Ray Bradbury’s 1953 novel Fahrenheit 451 concerns Guy Montag’s realisation about the world around him. It’s a stunning story and one that’s sometimes overlooked as a classic of the dystopia genre. We thought we’d stick with genre, following on from Ode to Winston Smith, last week’s offering. Montag’s a truly memorable character. We hope you enjoy the poem, finding it truly hot stuff . . .
“Once dowsed in kerosene, these books be torched”
History razed, so brutally
“All culture should be purged and scorched”,
as one, screamed out society
Firemen took on the role,
carrying out mass censorship
To burn all books their awful goal,
maintaining ignorance’s grip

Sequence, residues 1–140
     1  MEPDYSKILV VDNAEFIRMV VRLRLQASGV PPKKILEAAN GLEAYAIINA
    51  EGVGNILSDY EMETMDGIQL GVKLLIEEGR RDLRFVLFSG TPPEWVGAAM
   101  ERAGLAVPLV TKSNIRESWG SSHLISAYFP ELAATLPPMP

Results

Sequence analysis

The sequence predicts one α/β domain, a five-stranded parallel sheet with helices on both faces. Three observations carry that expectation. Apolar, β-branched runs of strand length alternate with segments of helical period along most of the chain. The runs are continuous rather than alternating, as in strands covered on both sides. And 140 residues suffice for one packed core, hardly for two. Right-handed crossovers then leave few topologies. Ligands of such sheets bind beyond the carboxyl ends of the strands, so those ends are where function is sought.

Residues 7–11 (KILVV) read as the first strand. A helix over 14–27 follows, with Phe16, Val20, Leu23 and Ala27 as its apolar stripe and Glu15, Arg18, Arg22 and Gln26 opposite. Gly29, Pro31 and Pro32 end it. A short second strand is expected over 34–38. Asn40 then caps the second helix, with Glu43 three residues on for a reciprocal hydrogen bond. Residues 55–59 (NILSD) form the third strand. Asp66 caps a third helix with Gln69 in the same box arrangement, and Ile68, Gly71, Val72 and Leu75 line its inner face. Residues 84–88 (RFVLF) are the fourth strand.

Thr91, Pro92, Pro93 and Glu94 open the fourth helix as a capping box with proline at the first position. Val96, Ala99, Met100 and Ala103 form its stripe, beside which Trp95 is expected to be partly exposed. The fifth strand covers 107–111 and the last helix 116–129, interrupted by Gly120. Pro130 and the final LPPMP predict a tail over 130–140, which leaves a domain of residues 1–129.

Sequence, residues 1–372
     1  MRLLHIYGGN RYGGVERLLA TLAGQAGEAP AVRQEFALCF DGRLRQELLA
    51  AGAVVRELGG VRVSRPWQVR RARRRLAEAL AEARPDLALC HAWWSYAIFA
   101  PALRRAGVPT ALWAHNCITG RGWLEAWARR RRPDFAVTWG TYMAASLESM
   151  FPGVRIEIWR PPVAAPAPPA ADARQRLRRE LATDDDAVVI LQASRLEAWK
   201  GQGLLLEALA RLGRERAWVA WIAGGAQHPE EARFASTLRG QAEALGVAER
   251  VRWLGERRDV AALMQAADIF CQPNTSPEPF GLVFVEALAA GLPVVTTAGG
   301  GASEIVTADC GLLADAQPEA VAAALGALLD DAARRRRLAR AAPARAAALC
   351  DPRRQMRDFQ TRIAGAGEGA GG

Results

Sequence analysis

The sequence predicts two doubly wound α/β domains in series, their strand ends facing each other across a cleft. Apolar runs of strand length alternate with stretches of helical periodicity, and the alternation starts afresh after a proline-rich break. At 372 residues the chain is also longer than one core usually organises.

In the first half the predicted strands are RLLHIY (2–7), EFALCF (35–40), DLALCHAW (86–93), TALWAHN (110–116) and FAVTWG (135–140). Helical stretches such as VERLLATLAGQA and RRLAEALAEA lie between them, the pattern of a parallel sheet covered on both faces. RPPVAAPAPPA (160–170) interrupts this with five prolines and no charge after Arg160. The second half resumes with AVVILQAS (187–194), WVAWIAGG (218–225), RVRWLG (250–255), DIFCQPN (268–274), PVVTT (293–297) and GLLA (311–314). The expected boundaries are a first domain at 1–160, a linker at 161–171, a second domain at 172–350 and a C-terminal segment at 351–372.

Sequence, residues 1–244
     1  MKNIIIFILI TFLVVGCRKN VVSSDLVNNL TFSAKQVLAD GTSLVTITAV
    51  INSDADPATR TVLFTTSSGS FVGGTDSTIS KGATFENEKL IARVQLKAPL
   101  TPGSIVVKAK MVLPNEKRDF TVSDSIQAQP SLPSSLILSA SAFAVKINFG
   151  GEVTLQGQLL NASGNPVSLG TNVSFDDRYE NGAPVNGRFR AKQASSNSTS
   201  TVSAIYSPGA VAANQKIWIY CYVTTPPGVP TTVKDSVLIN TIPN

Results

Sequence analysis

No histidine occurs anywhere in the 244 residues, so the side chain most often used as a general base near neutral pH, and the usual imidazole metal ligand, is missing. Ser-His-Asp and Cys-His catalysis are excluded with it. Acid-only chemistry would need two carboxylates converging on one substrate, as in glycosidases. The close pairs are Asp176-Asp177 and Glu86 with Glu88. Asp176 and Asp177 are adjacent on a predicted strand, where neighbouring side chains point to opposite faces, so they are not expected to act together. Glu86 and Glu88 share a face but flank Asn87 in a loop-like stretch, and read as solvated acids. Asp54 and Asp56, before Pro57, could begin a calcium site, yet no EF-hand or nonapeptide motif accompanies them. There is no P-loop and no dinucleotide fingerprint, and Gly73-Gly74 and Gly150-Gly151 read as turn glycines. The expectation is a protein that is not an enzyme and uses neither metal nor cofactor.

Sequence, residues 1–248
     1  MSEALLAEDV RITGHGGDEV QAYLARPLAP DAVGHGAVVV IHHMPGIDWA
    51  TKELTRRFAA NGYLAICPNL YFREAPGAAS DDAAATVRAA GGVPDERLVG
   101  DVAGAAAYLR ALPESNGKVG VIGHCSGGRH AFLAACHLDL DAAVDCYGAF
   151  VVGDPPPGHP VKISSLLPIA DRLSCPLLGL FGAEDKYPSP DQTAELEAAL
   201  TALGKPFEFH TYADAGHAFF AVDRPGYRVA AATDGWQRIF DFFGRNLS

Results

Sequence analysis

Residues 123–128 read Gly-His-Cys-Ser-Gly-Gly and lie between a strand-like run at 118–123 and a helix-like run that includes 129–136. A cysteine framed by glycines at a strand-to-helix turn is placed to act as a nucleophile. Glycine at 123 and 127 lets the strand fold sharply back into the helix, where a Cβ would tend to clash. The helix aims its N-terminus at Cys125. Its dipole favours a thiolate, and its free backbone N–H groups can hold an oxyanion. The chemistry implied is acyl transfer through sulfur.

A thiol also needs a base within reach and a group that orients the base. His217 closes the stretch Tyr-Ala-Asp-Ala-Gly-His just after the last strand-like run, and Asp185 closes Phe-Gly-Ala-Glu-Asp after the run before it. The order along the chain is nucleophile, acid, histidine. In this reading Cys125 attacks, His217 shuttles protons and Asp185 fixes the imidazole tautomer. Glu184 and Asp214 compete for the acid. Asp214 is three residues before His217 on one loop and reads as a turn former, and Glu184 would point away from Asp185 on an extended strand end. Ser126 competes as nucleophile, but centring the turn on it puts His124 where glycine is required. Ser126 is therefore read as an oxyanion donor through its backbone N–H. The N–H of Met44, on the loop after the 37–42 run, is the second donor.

Meeting Clarisse meant Montag lit
In her eyes lived something long gone
Montag then asked, could I be it,
more than my number 451?
Guy Montag’s mind was set ablaze:
“No more. There’s no way this can be”
And so, he vowed to stop the craze;
with the book people, he lives free
All words by Benjamin Francis Cassidy
Illustration by L. A. Cassidy
As well as a 1966 film, that became a bit of a cult classic, there was also a more recent offering. Michael B Jordan played the famous fireman, Guy Montag. The earlier adaptation is the better of the two. But neither offer the book’s power. A truly terrific tale, crafted by one of the greatest writers ever. If ever you need reminding about how important books are, Fahrenheit 451 is the one to read.